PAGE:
Immigration enforcement staff have been contacted 68 times via a hotline by members of parliament (MPs) and their staff, the BBC reported on Friday.
New findings show that 34 Conservatives, 32 Labour, one DUP and one Liberal Democrat made the calls to the Home Office. Charities across the UK have written to House speaker John Bercow requesting that MPs pledge not to inform their constituents, citing fears that MPs could potentially report them to the hotline.
The letter also urged house speaker Bercow to raise the issue at the House of Commons “at the earliest opportunity and request that party whips instruct their MPs to immediately cease the practice.”
The letter stated that MPs have “a responsibility to advocate for all their constituents, regardless of immigration status” and that migrants were “fearful of contacting their MP, effectively excluding them from democratic representation.”
Labour MP for Tottenham David Lammy revealed the hotline statistics alongside reports that between September 30, 2012 and May 25, 2018, MPs also reported immigration abuse to the Home Office 723 times, the BBC stated.
To date, UK charity Global Justice Now has garnered 112 pledge signatures from MPs. 73 Labour, 25 Scottish Nationalist Party, 8 Lib Dems, and 3 Plaid Cymru constituencies have signed up, with one signature each coming from Conservative, Independent, and Green Party MPs.
The pledge affirms that MPs promise to “represent and advocate for all people living in my constituency as equal members of the local community, regardless of their immigration status,” adding that MPs would not report anyone seeking advice “to the Home Office for immigration enforcement” or correctly handle “sensitive personal information to prevent this from happening.”
Lord Green of Deddington, Chairman of Migration Watch UK, slammed the pledge in a press statement on Friday that MPs were tasked with representing the electorate and “not those who have no right to be in the country at all.”
“Illegal immigrants are not constituents and over three-quarters of the electorate consider illegal immigration to be a serious problem,” Lord Green said, adding that MP were making pledges that encouraged illegal immigrants to stay in the UK and slamming their actions as “irresponsible” and eroding “public trust in our political system.”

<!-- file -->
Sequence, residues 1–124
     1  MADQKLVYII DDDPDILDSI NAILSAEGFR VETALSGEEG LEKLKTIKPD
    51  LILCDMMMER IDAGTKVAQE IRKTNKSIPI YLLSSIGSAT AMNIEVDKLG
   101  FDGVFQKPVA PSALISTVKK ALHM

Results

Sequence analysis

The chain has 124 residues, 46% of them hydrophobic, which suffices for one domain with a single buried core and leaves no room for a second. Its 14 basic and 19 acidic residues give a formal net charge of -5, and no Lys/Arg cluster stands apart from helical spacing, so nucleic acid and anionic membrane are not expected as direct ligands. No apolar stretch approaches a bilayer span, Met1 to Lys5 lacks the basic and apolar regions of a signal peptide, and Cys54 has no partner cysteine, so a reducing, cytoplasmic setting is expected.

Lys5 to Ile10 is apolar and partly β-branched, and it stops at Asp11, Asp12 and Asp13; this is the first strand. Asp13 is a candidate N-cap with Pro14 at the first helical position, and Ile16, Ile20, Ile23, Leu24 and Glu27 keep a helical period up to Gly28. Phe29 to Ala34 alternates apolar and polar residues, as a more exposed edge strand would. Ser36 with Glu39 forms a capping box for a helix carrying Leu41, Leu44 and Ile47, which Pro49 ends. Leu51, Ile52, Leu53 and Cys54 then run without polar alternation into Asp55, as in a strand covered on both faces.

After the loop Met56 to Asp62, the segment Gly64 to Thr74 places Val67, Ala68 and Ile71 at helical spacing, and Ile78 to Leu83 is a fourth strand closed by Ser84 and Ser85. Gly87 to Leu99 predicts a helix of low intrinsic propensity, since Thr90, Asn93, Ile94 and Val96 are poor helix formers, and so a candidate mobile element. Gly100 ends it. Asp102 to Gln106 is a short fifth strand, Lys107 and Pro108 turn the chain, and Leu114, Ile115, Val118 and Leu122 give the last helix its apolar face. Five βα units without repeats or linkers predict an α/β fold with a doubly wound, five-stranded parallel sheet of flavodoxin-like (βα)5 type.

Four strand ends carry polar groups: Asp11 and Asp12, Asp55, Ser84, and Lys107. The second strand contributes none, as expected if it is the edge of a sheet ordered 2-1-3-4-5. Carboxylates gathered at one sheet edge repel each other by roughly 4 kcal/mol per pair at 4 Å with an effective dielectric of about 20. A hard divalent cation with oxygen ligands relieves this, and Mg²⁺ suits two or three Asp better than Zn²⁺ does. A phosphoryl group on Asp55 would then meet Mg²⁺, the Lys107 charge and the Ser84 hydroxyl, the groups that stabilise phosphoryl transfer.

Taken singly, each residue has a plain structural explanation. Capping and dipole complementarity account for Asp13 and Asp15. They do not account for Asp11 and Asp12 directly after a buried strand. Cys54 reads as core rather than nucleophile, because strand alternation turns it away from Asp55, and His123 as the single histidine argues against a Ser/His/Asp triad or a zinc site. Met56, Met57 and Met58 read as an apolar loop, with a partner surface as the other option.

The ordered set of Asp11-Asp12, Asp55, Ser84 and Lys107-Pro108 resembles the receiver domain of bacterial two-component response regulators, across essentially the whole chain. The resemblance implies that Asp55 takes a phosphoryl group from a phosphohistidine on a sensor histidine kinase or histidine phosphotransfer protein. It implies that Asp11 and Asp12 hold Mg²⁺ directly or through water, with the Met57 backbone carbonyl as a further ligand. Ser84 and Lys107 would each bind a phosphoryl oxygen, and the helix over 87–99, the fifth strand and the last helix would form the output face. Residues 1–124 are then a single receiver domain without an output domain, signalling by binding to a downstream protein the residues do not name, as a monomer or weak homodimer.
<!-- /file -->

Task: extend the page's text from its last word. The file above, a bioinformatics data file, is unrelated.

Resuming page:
The statement also cited a Project28 poll in March stating that 77 percent of Britons thought that illegal immigration was “a serious problem facing the country”, adding that the 1971 Immigration Act notes illegal immigration to the UK “is a criminal offence punishable by a fine and imprisonment”.
Former Lib Dem leader and MP for Westmorland and Lonsdale Tim Farron told the BBC Victoria Derbyshire program that “It astonishes me that any MP would think that the best way to respond to a vulnerable constituent is to shop them to the Home Office.”
“Many of those immigrants who may be here illegally will be victims of administrative error, dodgy solicitors or even human trafficking,” he continued.
Global Justice Now and Migrants Organise campaign coordinator Akram Salhab lambasted MPs, stating that they were confused about their duties. “Some have said that they will not report people for immigration enforcement but may do if they have committed a crime,” he chided.
“But these are separate issues — if someone has committed a serious crime, they should be reported to the police not the Home Office,” he said. Salhab also called the Home Office an “unjust broken system” and alluded to the Windrush scandal where migrants from Commonwealth nations were mistakenly classified as illegal migrants.